NMAfA) – part of the Smithsonian Institution – is dedicated to traditional, modern, and contemporary sub-Saharan African arts, distinguishing itself as the first museum in the United States to include a sustained focus on modern and contemporary art. Recognized for having expanded the parameters of the field of African art history through its collections research facilities, innovative exhibitions, and state-of-the-art conservation lab, the NMAfA aims to promote cross-cultural communication and represent the rich artistic practices of Africa throughout time. In order to manage these collections, the National Museum of African Art relies on its experienced staff.
recently caught up with Jeremy Munro, Database Administrator and Digital Project Manager at the NMAfA. He shared his insights on the evolving role of technology in museums, the importance of supporting pan-institutional initiatives, and more.
What is the biggest challenge your team faces daily?
Staffing, for sure. This is a common issue in many museums. The National Museum of African Art is interested in changing work practices and policies to Africanize the museum for instance, but this requires more capacity to achieve on top of doing the day-to-day stewardship of collections management.
How do you see the use of technology evolving at your institution?
The NMAfA’s new director has implemented common sense things like working on documents collaboratively and shutting down the shared drive, instead opting for cloud-based systems. My goal is to get us to use technology as a tool rather than an end in itself.
What is the one change that you have made at your institution that has had the biggest impact?
It might sound weird but being willing to show up. Even though we’re all busy, I always try to carve space to assist others with their work and participate in pan-Smithsonian initiatives. I like to think that the impact of this has been significant because the National Museum of African Art did not previously have a dedicated digital person with the time for pan-institutional projects. The NMAfA is a small museum in a big pond, so it is important for us to take part in bigger digital efforts that we lack the labor and resources to do on our own.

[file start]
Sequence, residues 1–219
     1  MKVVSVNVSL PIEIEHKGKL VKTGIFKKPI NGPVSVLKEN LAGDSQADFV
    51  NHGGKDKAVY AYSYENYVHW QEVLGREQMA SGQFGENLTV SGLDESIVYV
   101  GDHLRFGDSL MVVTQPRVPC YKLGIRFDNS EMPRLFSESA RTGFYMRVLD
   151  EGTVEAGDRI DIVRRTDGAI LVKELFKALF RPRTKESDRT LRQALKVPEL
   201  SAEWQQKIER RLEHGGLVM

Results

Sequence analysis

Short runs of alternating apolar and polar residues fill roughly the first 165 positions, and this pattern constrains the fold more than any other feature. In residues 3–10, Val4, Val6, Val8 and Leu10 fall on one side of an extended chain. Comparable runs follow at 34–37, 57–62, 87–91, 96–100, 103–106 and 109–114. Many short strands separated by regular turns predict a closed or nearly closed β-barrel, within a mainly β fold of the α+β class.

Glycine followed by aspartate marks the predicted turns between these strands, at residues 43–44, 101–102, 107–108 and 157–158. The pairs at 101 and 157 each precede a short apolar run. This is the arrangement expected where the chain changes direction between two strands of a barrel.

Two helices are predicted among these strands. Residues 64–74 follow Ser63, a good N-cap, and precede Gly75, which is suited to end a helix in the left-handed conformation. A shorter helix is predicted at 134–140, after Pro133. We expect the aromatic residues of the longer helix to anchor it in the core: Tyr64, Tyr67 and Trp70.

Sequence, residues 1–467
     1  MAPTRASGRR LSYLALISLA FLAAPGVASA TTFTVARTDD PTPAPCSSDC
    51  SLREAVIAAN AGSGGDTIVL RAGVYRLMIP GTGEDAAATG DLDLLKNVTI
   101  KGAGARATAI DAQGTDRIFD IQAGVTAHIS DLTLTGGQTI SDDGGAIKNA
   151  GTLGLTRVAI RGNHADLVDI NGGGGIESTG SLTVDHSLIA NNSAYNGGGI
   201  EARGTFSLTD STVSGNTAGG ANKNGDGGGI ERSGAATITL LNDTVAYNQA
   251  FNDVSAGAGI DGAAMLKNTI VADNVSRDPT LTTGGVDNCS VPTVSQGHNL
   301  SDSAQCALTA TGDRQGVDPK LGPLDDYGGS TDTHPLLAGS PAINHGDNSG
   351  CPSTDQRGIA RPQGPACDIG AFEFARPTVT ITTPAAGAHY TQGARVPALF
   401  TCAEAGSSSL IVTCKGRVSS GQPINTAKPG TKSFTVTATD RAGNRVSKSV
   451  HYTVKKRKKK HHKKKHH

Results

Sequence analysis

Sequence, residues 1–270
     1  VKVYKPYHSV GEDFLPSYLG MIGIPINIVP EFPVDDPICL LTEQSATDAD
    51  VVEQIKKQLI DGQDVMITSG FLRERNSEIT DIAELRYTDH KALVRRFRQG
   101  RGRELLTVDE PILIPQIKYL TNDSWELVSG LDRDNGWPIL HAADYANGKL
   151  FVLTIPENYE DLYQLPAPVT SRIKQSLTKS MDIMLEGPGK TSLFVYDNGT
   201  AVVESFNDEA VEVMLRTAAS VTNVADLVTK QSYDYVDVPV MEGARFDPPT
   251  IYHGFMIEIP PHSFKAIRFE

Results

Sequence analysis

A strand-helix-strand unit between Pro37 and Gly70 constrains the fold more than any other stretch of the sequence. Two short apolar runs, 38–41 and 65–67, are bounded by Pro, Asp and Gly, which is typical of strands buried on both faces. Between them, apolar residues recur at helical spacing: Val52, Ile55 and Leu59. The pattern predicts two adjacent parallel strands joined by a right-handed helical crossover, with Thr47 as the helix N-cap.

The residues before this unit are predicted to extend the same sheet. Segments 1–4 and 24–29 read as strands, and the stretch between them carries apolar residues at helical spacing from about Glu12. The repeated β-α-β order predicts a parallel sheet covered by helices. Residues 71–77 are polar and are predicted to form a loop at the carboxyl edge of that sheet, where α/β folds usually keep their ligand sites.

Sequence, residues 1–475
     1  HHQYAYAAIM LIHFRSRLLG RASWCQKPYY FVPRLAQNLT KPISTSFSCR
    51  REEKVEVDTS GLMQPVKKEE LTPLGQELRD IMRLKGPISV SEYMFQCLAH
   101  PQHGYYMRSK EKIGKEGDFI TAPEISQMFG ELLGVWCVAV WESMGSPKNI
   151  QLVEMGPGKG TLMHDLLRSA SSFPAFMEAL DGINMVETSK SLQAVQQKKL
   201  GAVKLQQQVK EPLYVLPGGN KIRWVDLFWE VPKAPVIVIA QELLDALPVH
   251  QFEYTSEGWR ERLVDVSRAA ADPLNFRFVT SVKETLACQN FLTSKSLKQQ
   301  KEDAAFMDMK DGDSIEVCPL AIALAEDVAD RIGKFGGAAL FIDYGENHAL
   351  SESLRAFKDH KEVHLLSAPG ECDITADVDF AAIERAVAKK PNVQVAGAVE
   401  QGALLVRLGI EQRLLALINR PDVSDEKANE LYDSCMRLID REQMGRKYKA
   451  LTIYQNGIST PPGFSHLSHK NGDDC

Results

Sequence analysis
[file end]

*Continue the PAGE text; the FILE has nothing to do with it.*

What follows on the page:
How do you think the role of museums will change in the future?
I think museums are in a bit of an identity crisis, especially digitally. All other forms of cultural media have adapted to the digital age: music, film, video, literature, etc. They all have robust, popular digital presences. Digital experiences in the museum space, however, are often an attempt to replicate a gallery experience or do a one-off novelty thing, like a video or social media campaign. I also think it can be unclear to the public what the purpose of museums is aside from it’s something you do while travelling or somewhere you go when your family is in town. We have this problem of when someone asks who a show is for, the standard PR spin is “well, everyone” but this always strikes me as odd because I wouldn’t say that any particular music, movie, or book is for everyone. Museums need to redefine what the public means and start targeting key audiences they either want to reach or who are not currently attending museums.
Do you have a favorite book, event, or training resource that has helped you in your career?
I constantly find myself recommending Trevor Owen’s book The Theory and Craft of Digital Preservation. It ably lays out the problems of what we’re trying to do with digital preservation in museums and the sheer amount of effort involved. Owens also tackles the core questions that underlie database practices like the power of naming and classification. It’s an essential read particularly for people who might not be knee-deep in data or digital preservation but want to better work with their colleagues who are. A unique part of the work we do as collections database people is often functioning as liaisons between staff who understand art/natural history/history and staff who understand technology/IT. Owens does a great job at providing ways to explain and articulate the uniqueness of cultural heritage data to both sides.
What is one of the most interesting projects you have worked on and why?
Prior to working at the Smithsonian, I worked at Crystal Bridges Museum of American Art in Bentonville, Arkansas. The first major contemporary art show there was called State of the Art: Discovering American Art Now (2014-2015). For myself and for many of our art handlers and collection staff, it was our first big exhibition. A major narrative around Crystal Bridges at the time (one that I am thankful has now been left in the dust), was always “wait, a museum that big is in…Arkansas?” Internally, the project felt scrappy. We were a hodgepodge of people, some with museum experience, many without, trying to make a massive show work. I don’t have a master’s degree, but I consider State of the Art like a museum studies program, jam packed into about a year. All the staff wore many hats, helping with loans, design, art handling, installation, and even development. It was all hands on deck in the truest sense and I am eternally thankful I got to be part of it. Anyone who works a job in a museum is a museum professional of course, but the night that the show opened it was proved beyond reasonable doubt. I am humbled to have had the chance to be part of building something so cool in little Northwest Arkansas, which has since emerged as one of the fastest growing and rising regions in the United States.